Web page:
Smaller capacity MPPT solar charge controllers with a current rating from 20A to 40A are used for many different applications including off-grid cabins and homes, RV’s, boats, caravans, telecommunications and remote site backup. These mid-range MPPT solar charge controllers are available from many different manufacturers, but this review will FOCUS on the most popular and best quality charge controllers from the most reputable manufacturers which have been on the market for several years.
|1||Victron SmartSolar MPPT||35 A||150V||12V 24V 36V 48V||350 to 480|
|2||EPever TRIRON Series||40 A||150V||12V 24V||150 to 250|
|3||Morningstar ProStar MPPT||40 A||120V||12V 24V||460 to 540|
|4||EPever XTRA Series||40 A||150V||12V 24V 36V 48V||130 to 190|
|5||Renogy Rover||40 A||100V||12V 24V||150 to 190|
|6||EPever BN Series||40 A||150V||12V 24V||170 to 250|
In this review, we rank the various charge controllers according to a number of important criteria including build quality, MPPT tracking speed, battery voltage range, operating temperature range (heat dissipation), monitoring, real-world performance and price. In our reviews, we generally rank performance and quality over affordability, so in this case, we rate the unit price lower than other criteria. This may come across as bias towards the more expensive models, but based on real-world results, testing and performance monitoring, the higher-end controllers have proven to out-perform the cheaper models.
Read more about selecting and correct sizing a solar charge controller in the MPPT solar charge controllers explained article.
Victron Energy is considered a world leader in power electronics and specialise in manufacturing equipment required for off-grid and stand-alone power systems including, inverters, batteries, chargers, monitors and of course, solar charge controllers. Based in the Netherlands, Victron manufacture many products in India and have become well known for producing quality, reliable off-grid battery inverter/chargers and a wide range of quality MPPT solar charge controllers.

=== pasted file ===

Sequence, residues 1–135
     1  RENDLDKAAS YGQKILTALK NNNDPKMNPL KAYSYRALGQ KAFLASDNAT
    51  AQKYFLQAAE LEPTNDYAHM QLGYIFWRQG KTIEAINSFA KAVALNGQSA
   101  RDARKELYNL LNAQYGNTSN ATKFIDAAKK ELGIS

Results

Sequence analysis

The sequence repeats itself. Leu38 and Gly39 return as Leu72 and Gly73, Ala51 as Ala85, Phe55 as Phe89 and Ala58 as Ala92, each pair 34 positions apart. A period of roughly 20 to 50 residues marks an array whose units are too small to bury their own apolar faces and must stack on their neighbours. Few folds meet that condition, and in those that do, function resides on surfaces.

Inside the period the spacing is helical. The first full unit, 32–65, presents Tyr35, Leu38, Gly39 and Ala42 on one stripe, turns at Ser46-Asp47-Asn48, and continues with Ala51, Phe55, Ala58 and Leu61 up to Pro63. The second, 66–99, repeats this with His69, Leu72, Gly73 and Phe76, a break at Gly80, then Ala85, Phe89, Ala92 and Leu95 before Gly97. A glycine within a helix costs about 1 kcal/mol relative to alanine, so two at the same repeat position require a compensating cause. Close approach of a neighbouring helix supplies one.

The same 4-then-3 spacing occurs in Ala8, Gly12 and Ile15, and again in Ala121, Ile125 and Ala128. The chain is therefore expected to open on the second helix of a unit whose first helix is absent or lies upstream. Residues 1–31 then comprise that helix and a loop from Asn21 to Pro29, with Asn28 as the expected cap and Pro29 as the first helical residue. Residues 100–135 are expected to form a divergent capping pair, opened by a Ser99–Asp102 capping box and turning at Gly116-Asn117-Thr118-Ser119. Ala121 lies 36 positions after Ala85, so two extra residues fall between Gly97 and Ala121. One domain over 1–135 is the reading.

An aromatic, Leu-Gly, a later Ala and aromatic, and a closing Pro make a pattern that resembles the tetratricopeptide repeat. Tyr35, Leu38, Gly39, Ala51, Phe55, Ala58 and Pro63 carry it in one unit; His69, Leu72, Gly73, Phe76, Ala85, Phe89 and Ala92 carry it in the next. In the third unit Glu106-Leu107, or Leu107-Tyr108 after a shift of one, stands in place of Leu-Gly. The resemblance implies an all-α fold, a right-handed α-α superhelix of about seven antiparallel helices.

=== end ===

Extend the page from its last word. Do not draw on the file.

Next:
Victron offer a huge range of solar charge controllers, from small 10A PWM models, to high-performance 100A MPPT varieties with high voltage inputs up to 250V. The MPPT 150V models appear very simple in design, and may not have a display or load control terminals like many others, however, where Victron out performs the competition is in MPPT tracking performance, communications and monitoring.
Victron have by far the most advanced system monitoring with inbuilt Bluetooth connection offering easy programming and configuration, plus remote firmware updates which add extra features and options. The display-less design may not please all users, but the fast, accurate MPPT tracking, high build quality, and V.E. Smart networking options are stand-out features.
Smartsolar MPPT 150V 35A
- Fast MPP Tracking
- 150V max Voc
- 12V, 24V or 48V batteries
- Compatible with LiFePO4 Lithium batteries
- Very advanced monitoring app
- Wide operating temperature up to 60°C
- Inbuilt temp sensor
- Optional wireless battery sensor
- Easy remote firmware updates
- 5 Year warranty
See the detailed Victron Energy Review
EPever TRIRON Series
EPever was founded in 2007 and has grown rapidly to become one of the largest Chinese manufacturers of cost-effective power products including a wide range of MPPT solar charge controllers. The Triron series is the next evolution to the well-known Tracer series of MPPT’s.
The TRIRON series from EPever is a much more advanced and user-friendly version of the original AN series of charge controllers. The TRIRON controllers have a unique swappable display module as well as a swappable interface module with an RS485 communication option that can be used for a number of different applications. Note, maximum PV voltage is either 100V or 150V depending on the model. The 5 button display module is very easy to use and provide all the important information you need about the PV, battery and load. Wireless access is available via the eBox-BLE Bluetooth adapter or the Wi-Fi adapter is available for remote monitoring.
TRIRON Series MPPT 150V 40A
- Fast MPP Tracking
- 150V max Voltage Voc (TRIRON 3215N 4215N)
- Easy to use with a large clear display
- Compatible with Lead-acid and Lithium batteries
- 40A Load control
- Swappable display and interface modules
- RS485 Interface for communications and remote control
- USB Port and relay control options
- Optional Temp sensor
Morningstar Prostar MPPT
Morningstar are a well-established company based in the US with 25 years of experience in engineering and manufacturing high-performance solar charge controllers. Morningstar is widely recognized as developing some of the best quality products on the market with high levels of protection against extreme environments, lightning surges and high operating temperatures.
The Prostar range of MPPT charge controllers are available in 25A and 40A versions with a 120V input voltage limit. The extremely fast MPP tracking can perform a full voltage sweep in less than 1 second using the Trakstar technology. The device features good size terminals protected under a front cover, including load control output terminals rated up to 30A, plus a clear backlit LCD display and can easily programmed using the 4 large buttons. However, the very high price tag means the Prostar MPPT series is out of reach for many users.
Prostar MPPT 120V 40A
- Very fast MPP Tracking
- 120V max Voc
- Compatible with LiFePO4 Lithium batteries